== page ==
When the team followed up with Malea to let her know when her health center would receive their supply, she then proceeded to ask questions about HPV DNA testing. She was able receive information about this type of testing and learned where in the private health sector she could access the test. She also about screening more broadly. Malea left the call super motivated to get screened and where to receive screening – all due to that one TV ad.
- ^33% increased screenings for cervical cancer
- 92 providers trained in cervical cancer care and treatment
(The project's) impact on me, both as a funder but also as a human being, will continue to play out and reveal themselves to me in years to come.Julia Lourie, Maverick Collective Member
Overcoming the Barriers to HPV Vaccination and Screening for Cervical Cancer
Trinidad has one of the highest cancer mortality rates in the Caribbean. Over 549,000 women over the age of 15 are at risk of developing cervical cancer in Trinidad. It is the most frequent cancer among women aged 15-44 and the second leading cause of cancer death, after breast cancer. Despite being a highly preventable and treatable disease.
This project worked to prevent unnecessary deaths and illness resulting from cervical cancer by taking a life cycle approach: offering preventative care through the vaccine before instances of cancer become likely, while bolstering the capacity and quality of screening and treatment options for mature women.
A fascinating moment…
On one trip down to Trinidad and Tobago, at the time I was taking oral hormonal birth control and I totally forgot my pack! I was able to go to a normal pharmacy and just get over the counter for $5 a pack of birth control. And I called my OB-GYN. I said, “Is this compatible? Is this similar dosage?” And she said, “Yes.” That would not have been possible at home.
Not always glamorous…
There’s the hi-fi stuff with the lo-fi stuff. On one side, we had this global health NGO with over 50 years of experience called PSI behind us, and we have experts on experts and such a deep bench of resources and partnership. And on the other, there are moments when we’re cutting out pictures from magazines to make collages to talk about what we think the storyline should be like. And that’s very humanizing.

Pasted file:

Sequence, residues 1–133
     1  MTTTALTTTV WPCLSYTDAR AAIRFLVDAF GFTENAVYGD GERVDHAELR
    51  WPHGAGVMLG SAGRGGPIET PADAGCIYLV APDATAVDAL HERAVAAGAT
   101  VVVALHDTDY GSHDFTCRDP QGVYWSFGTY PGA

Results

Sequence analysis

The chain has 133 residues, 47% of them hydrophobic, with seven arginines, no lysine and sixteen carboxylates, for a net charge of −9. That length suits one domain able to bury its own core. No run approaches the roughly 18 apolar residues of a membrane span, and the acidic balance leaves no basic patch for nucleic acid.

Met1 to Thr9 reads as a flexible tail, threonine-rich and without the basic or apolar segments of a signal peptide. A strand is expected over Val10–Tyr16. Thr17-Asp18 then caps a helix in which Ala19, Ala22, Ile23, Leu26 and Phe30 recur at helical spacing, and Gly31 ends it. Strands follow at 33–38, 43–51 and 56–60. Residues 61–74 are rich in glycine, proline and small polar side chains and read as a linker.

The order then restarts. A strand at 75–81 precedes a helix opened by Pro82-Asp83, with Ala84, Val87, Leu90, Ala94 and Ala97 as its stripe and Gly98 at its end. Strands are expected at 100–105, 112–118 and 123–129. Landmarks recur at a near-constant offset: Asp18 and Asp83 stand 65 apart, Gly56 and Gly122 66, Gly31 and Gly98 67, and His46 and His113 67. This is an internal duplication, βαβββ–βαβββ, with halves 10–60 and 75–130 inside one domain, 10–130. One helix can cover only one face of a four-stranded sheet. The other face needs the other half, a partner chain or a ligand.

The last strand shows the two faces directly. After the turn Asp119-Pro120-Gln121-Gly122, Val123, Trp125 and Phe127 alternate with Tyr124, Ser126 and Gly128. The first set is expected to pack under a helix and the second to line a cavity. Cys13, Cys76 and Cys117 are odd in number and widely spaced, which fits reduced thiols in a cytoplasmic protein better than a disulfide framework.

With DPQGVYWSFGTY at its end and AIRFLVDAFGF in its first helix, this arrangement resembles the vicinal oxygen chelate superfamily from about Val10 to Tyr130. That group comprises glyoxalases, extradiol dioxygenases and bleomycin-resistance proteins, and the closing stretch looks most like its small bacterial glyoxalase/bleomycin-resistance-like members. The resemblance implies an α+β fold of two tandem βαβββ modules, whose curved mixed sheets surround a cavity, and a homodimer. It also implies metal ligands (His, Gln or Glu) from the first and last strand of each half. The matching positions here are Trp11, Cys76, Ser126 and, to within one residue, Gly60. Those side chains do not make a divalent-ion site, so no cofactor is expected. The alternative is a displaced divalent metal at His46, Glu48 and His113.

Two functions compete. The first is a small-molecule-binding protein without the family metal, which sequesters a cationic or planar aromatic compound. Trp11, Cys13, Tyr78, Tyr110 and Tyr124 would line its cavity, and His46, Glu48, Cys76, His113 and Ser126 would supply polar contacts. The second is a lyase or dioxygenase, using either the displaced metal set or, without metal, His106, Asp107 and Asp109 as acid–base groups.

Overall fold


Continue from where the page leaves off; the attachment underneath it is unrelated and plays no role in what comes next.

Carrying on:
A force for good…
Wendy and Paige have really made it their mission to bring awareness about cervical cancer to Trinidad and to the region and help prevent it. To see the advocacy efforts of Wendy and Paige and joining forces with ASDF, it was pretty serendipitous. And for me, very, very meaningful.
A is for Advocacy
From influencing policy to intimate conversations with friends, advocacy is an important tool to change opinions and create an enabling environment for change.Join us to examine how experts are using all the tools in their toolbox to advocate for necessary change for increased prevention and treatment of cervical cancer at every level of influence, and how you can do the same for the issues that are near and dear to you.
In this Master Class you will learn:
- The difference between “big A” and “little a” advocacy, and their roles promoting change;
- The formal and informal ways in which women advocate for the issues they are passionate about;
- The importance of advocacy at all levels of influence when tackling challenging global health issues like cervical cancer.
DR. ISABEL C. SCARINCI
Associate Director for Globalization and Cancer, University of Alabama at Birmingham
DIG DEEP AND LEARN MORE -- IN YOUR OWN TIME AND AT YOUR OWN PACE.